There are several compounds of three cubes. The illustrations above show 3-compounds produced by rotating cubes about a axis (left figure), a axis producing a dodecagrammic prism (middle figure), and
with the symmetry of the cube which arises by joining three
cubes such that each shares two axes (Holden 1991, p. 35; right figure). The latter
solid is depicted atop the left pedestal in M. C. Escher's woodcut Waterfall
(Bool et al. 1982, p. 323).

The illustration above shows Escher's cube 3-compound.

Escher's 3-cube compound can be constructed to produce cubes with unit edge lengths using pieces as illustrated above, where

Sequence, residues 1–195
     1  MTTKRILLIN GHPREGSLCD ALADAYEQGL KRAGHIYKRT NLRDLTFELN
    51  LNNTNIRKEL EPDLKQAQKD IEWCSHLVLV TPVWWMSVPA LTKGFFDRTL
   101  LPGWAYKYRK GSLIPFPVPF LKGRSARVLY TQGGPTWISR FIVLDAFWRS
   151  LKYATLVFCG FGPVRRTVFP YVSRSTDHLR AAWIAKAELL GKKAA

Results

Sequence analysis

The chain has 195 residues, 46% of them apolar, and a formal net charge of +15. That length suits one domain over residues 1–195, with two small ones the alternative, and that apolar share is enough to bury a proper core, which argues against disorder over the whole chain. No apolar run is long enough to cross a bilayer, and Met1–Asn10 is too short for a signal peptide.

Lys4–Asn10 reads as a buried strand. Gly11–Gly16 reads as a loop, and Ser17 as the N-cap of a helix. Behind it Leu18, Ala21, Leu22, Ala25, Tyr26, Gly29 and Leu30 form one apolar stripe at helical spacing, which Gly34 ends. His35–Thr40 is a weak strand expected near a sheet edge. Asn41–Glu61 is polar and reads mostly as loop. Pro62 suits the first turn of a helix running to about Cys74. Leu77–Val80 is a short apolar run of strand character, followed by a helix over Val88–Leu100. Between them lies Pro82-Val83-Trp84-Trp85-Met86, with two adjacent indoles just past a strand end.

(1)

(2)

(3)

(4)

(5)

The surface area of the compound is

(6)

compared to
for each of the three constituent cubes.

The solid common to the three cubes in Escher's compound (left figure) and the convex hull (right figure) are illustrated above.

The Escher compound divides the three component cubes into 67 individual cells (Hoeflin 1985). Whether another configuration of three intersecting cubes can yield more cells is an unsolved problem.